How to Grow Melons and Pumpkins in Minecraft PE
Three articles in and you should have an idea of how to start both basic and multi-crop farms. In the previous article, I talked about how you can grow wheat, beetroot, carrots, and potatoes in a single farm to maximize efficiency.
In this article, we’re going to be talking about a different set of crops. Most people tend to stay away from farming melons and pumpkins because of how difficult they are to come by at times. However, you might want to learn how to effectively plant these crops especially when you’re playing on survival.
So what are the things you need to start growing melons and pumpkins? If you’ve read my previous posts, a basic melon and pumpkin farm has the same water and light requirements as wheat and beetroot. If you’re just starting a game on survival mode make sure to collect enough wood to make a crafting table, wooden slabs, as well as wooden pickaxes, axes, and hoes.
Using a hoe, you’ll need to till the ground until you end up with a 9 by 9 block farm area. Don’t forget to dig a hole in the center of this area. This will be where we place the water that is vital for our crop’s growth. As you might have noticed, the current farm looks an awful lot like the basic farm I detailed in my second post.
Well, the similarities actually stop here since we can’t just plant our melon or pumpkin seeds anywhere inside this farm (more on this later). If you grow both melons and pumpkins together, you can set up a 19 x 9 block (two 9 x 9 farms divided by a row of oak slabs or torches).
Where Do You Get Melon and Pumpkin Seeds?
If you want to farm melons and pumpkins easily then you’ll need to use a jungle and/or village seed. In my experience, melons are a lot easier to come across than pumpkins.
There are also times that you’ll see both of them growing together side-by-side resulting in the melon getting glitched. It will retain its color but will have the distinctive face of a pumpkin. In these instances, the melon will not give you any seeds and should be destroyed (you can use an axe or sword for this).
Larger concentrations of melons can be found in the jungle biomes while you’ll come across pumpkins in any area where there’s grass. There’s also a chance that you’ll come across melon and pumpkin seeds in mine carts with chests which are usually found in abandoned mineshafts.
Take note that breaking melons won’t give you melon seeds. Instead you’ll have to convert the melons to melon seeds (1:1 ratio) using a crafting table.
On to Planting
Now that you’ve come across the pumpkin and melon seeds, it’s time to start planting.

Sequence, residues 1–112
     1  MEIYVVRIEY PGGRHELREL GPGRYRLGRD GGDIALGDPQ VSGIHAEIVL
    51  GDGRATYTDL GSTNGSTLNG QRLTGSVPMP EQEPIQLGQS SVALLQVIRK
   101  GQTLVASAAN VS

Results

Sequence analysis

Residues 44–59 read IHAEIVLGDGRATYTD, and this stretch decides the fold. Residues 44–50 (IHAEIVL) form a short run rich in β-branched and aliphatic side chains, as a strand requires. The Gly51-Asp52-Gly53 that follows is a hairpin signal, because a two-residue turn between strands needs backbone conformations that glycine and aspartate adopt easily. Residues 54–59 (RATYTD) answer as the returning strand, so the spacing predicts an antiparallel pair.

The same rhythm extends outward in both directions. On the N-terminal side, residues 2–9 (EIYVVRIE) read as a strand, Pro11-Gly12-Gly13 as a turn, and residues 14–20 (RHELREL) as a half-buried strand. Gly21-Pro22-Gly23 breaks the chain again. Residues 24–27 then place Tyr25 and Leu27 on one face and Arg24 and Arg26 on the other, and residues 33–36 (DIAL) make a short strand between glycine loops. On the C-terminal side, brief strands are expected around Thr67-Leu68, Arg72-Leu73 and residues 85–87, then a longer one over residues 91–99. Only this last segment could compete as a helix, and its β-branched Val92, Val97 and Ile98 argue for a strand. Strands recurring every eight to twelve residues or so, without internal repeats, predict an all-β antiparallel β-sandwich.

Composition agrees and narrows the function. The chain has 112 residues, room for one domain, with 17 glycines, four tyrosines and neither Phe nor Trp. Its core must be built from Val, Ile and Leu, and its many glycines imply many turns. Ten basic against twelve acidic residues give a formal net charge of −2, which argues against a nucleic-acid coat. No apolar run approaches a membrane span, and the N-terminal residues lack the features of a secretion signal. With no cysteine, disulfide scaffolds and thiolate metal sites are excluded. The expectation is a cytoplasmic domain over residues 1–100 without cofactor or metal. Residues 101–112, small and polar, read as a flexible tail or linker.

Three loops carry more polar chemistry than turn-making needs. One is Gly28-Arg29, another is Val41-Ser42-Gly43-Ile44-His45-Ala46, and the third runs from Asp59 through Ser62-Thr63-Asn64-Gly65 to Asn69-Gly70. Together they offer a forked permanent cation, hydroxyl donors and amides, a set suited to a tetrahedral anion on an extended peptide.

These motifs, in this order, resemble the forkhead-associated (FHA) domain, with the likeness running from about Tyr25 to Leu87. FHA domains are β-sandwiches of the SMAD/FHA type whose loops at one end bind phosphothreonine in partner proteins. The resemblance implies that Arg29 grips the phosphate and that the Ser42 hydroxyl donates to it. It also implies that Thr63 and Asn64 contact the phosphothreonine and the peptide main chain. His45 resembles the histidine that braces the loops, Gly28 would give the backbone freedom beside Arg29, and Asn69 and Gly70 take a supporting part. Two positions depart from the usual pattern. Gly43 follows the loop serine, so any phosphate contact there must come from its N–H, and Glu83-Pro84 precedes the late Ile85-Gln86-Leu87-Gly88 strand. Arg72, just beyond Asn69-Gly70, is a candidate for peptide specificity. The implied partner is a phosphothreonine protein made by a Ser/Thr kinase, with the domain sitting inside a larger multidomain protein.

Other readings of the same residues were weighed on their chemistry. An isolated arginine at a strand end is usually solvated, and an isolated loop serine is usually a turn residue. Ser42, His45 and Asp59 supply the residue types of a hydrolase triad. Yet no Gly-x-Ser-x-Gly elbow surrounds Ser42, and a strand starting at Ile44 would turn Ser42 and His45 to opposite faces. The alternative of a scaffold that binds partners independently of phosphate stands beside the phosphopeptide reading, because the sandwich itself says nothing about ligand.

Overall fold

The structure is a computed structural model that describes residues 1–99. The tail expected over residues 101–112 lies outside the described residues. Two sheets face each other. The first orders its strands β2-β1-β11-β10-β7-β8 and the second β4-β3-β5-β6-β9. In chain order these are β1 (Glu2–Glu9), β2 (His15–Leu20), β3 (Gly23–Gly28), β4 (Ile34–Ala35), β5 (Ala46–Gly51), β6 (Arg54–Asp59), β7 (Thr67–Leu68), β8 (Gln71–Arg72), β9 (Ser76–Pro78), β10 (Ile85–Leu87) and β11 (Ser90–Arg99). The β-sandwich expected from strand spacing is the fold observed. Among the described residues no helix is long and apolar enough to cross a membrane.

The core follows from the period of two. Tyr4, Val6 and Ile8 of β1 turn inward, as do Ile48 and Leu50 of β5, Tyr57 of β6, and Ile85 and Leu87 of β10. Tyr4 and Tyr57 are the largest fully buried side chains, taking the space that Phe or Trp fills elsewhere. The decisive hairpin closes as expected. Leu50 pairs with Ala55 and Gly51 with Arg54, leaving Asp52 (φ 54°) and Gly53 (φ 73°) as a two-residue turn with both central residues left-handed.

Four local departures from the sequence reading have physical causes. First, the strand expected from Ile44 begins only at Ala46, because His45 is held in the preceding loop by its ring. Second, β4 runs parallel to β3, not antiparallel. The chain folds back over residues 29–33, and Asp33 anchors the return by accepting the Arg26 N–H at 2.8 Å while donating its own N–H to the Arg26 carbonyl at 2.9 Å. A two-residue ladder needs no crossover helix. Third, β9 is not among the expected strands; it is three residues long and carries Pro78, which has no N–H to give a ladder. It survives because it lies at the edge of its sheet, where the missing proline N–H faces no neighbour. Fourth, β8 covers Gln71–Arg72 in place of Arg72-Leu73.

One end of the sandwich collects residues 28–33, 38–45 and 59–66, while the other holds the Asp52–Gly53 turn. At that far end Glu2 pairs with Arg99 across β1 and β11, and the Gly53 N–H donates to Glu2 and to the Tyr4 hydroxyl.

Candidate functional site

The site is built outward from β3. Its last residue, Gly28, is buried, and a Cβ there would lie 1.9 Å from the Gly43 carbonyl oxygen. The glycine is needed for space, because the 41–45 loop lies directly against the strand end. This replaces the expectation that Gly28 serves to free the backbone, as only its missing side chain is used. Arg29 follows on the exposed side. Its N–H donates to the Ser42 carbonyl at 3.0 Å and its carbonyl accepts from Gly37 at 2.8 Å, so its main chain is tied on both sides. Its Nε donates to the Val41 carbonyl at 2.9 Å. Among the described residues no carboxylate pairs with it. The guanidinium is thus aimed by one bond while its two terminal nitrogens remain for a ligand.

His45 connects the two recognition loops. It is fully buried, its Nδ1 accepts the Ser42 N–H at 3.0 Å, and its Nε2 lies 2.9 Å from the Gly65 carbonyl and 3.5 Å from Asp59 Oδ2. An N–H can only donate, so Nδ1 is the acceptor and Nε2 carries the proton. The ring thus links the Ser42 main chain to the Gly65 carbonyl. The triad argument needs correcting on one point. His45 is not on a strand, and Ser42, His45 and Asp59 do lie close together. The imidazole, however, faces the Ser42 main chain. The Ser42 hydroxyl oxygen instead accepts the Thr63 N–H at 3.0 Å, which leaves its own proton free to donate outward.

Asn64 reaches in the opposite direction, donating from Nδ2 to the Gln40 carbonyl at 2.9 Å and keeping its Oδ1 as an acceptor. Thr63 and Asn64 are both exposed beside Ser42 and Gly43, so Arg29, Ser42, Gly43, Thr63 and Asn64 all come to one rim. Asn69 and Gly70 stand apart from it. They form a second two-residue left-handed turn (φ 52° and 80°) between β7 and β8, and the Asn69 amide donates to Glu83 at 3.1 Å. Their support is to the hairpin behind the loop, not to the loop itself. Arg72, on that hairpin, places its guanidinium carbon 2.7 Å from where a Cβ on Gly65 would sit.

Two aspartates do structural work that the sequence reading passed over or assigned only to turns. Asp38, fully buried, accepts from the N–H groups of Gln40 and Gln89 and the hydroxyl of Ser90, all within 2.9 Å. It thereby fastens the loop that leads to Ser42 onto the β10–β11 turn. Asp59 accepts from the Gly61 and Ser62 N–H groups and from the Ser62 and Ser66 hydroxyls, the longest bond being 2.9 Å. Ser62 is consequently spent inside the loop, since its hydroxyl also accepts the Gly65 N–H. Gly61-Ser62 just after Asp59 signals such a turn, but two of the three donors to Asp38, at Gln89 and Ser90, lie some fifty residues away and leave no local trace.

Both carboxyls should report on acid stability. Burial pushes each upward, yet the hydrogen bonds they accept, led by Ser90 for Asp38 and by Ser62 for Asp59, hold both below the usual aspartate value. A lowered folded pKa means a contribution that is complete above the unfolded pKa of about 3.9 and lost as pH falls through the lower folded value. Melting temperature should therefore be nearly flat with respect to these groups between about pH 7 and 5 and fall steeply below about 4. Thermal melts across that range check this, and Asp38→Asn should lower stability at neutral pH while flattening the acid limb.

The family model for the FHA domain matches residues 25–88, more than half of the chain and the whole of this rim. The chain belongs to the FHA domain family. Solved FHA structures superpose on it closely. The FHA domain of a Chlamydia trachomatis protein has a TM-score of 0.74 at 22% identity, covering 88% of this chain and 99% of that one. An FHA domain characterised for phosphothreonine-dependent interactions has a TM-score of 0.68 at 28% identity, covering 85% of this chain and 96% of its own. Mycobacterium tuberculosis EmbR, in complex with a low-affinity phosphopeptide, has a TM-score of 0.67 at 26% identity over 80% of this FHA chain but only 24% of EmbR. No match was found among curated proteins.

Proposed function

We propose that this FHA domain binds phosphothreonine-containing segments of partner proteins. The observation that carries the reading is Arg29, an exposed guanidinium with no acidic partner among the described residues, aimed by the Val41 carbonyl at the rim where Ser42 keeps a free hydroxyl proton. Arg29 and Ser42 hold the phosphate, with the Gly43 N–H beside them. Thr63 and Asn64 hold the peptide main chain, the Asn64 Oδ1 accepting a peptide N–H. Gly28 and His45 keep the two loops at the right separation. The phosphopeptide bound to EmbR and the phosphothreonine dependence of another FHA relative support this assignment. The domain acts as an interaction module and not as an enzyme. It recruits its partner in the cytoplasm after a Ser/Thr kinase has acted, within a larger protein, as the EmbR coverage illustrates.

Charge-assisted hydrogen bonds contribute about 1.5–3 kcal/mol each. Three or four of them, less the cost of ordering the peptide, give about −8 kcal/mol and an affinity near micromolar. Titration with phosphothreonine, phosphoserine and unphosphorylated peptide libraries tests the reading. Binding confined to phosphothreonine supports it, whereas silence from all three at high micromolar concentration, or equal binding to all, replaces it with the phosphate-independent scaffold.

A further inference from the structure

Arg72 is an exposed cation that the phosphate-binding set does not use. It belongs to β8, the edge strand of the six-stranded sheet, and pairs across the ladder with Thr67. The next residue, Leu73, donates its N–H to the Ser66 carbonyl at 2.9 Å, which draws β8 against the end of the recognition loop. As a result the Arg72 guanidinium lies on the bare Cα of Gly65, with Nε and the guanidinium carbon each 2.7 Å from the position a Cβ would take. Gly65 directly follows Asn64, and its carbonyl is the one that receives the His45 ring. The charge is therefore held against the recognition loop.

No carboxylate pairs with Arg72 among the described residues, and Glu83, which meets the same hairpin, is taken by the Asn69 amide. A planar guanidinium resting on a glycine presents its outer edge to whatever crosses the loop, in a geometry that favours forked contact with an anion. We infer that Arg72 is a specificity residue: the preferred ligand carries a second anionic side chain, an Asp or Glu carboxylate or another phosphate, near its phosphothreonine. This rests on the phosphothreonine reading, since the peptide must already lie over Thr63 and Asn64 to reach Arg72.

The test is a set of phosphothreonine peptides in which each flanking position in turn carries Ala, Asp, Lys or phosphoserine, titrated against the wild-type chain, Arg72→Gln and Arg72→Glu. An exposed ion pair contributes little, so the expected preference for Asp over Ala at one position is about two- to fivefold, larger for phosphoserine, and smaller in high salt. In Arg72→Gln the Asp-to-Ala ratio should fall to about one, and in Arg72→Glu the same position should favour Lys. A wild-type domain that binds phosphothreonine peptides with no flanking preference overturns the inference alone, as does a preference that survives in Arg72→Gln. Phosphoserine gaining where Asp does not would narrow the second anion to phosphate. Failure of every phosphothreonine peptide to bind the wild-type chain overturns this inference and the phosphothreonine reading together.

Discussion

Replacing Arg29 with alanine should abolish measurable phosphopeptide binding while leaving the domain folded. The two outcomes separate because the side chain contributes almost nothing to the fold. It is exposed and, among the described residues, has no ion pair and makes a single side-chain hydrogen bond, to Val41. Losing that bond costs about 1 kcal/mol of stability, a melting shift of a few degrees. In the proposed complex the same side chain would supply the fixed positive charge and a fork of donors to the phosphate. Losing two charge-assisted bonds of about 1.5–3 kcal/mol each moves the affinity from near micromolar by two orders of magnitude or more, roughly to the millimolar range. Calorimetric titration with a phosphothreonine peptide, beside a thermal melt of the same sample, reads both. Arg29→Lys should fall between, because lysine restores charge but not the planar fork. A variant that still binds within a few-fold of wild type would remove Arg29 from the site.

I mentioned earlier that you shouldn’t just plant the seeds indiscriminately in the farm area. There are some land efficient layouts that can be used for planting melons or pumpkins in a basic farm. What is land efficiency? It is basically about getting as much crops as possbile using a fixed amount of space.
Now, I’m going to detail two of the easiest to maintain of these layouts. Each of these layouts require 4 rows of melon/pumpkin crops together with a row of stone/oak slabs or other crops(wheat beetroot) that will have our water source at its center.
For the first layout, you’ll need to plant the melons/pumpkins on the 2nd and 3rd as well as 7th and 8th rows (or columns depending on where you’re looking) of the basic farm.
The second layout is the direct opposite of the first. In this layout, you will need to plant your melon/pumpkin seeds on the 1st, 4th, 6th, and 9th rows instead.
Unlike wheat which can be harvested at any time throughout the course of its growth stages, the only time you’ll be able to harvest melon and pumpkins is when they’re at the final/8th stage of their growth. This is characterized by the appearance of the fruits in the adjacent blocks where you planted the melon or pumpkin seeds (refer to above and below screen shots).
How Efficient Are These Layouts?
To be honest, the two layouts I detailed aren’t the most efficient but they will get the job done. According to several Minecraft wikis/guides, the efficiency of either of the two layouts is rated at 44.44% (meaning in a 9×9 plot, 44.44% of the land will be used for growing melons or pumpkins) . In contrast, the most efficient of the four known layouts is rated at 48.88%. However, to achieve this efficiency, you’ll need to expand the area of your basic farm from 9×9 blocks to 9×10.
In my opinion, the 4.44% difference won’t be that big of an issue if you’re still starting out or even if you’ve invested a lot of time in the game.
In the event that you really wanted to increase the farm’s planting and harvesting efficiency then you might want to consider stackable, advanced, or semi-automatic solutions instead (which we’ll talk about in later posts).
Have you tried out the layouts I mentioned above on your melon or pumpkin farm? If yes then we’d like to hear your thoughts about these on the comments section below!